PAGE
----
“We might see in the coming stage further provocations against Israel and violent responses against Gaza.”

Israel last year appointed hardline rightwinger Avigdor Lieberman as its defense minister.

After his appointment, he warned the next war with Gaza would be the last as “we will completely destroy them”.

Kobi Michael, an analyst and former head of the Palestinian desk at Israel’s strategic affairs ministry, said the appointment would alarm Israeli politicians.

“He represents the most radical and extreme line of Hamas,” he told reporters. “Sinwar believes in armed resistance. He doesn’t believe in any sort of cooperation with Israel.”

In the 2014 war, 2,251 Palestinians and 74 Israelis died.

The Jewish state maintains a crippling blockade on Gaza which it says is necessary to restrict Hamas’s ability to rearm but which the UN says amounts to collective punishment.

Source: Middle East Online.

Link: http://middle-east-online.com/english/?id=81418.

2017-01-18

MOSCOW – The main Palestinian parties on Tuesday announced a deal to form a national unity government prior to the holding of elections, after three days of reconciliation talks in Moscow.

“We have reached agreement under which, within 48 hours, we will call on (Palestinian leader) Mahmud Abbas to launch consultations on the creation of a government” of national unity, senior Fatah official Azzam al-Ahmad told a press conference, speaking in Arabic.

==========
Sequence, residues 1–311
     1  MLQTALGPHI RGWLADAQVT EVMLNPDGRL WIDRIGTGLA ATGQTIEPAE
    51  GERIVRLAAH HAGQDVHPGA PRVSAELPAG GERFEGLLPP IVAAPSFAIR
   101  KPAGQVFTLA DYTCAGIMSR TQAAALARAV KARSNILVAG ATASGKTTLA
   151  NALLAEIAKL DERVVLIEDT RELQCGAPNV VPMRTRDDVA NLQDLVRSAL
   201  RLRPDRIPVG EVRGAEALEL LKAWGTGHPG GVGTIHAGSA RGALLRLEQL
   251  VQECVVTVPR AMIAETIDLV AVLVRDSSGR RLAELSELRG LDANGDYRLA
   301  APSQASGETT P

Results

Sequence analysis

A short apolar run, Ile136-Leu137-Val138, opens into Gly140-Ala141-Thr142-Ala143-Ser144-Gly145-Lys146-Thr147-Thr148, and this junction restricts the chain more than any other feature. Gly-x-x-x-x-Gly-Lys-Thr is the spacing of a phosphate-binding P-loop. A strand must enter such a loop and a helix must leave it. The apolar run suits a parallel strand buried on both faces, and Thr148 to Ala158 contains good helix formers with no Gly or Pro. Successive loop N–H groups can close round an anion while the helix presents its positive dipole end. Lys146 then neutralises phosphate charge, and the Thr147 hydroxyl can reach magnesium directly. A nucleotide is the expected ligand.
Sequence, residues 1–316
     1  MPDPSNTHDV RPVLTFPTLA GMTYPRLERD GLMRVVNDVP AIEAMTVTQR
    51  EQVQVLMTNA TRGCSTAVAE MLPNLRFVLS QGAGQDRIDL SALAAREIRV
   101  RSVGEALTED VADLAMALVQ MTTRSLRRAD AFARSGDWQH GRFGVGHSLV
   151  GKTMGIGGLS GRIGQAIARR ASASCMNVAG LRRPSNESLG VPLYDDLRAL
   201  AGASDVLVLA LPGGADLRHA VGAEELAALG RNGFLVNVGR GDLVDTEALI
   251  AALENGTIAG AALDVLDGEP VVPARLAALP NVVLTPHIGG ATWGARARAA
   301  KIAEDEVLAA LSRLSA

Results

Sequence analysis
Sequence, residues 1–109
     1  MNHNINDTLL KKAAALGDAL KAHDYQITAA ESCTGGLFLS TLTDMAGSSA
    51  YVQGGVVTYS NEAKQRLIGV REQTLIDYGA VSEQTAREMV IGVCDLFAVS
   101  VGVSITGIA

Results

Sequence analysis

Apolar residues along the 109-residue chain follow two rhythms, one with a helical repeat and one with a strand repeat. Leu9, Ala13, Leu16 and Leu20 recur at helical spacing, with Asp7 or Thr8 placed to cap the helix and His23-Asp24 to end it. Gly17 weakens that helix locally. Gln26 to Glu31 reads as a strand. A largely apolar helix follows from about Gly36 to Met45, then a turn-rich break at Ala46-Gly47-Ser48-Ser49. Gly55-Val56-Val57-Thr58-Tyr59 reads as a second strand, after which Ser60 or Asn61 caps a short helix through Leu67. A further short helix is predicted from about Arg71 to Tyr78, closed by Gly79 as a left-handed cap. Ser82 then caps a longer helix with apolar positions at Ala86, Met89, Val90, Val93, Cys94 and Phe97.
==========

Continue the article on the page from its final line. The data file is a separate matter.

Ater the government is formed, the Palestinians would set up a national council, which would include Palestinians in exile, and hold elections.

“Today the conditions for (such an initiative) are better than ever,” said Ahmad.

The non-official talks in Moscow began on Sunday under Russian auspices with the goal of restoring “the unity of the Palestinian people.” Representatives came from Fatah, Hamas, Islamic Jihad and other factions.

Abbas’s secular party Fatah and the Islamist Hamas have been at loggerheads since the latter seized Gaza in a near civil war in 2007.

Last year the Palestinian government postponed the first municipal polls in the occupied West Bank and Gaza Strip in 10 years after the high court ruled they should be held only in the Fatah-run West Bank.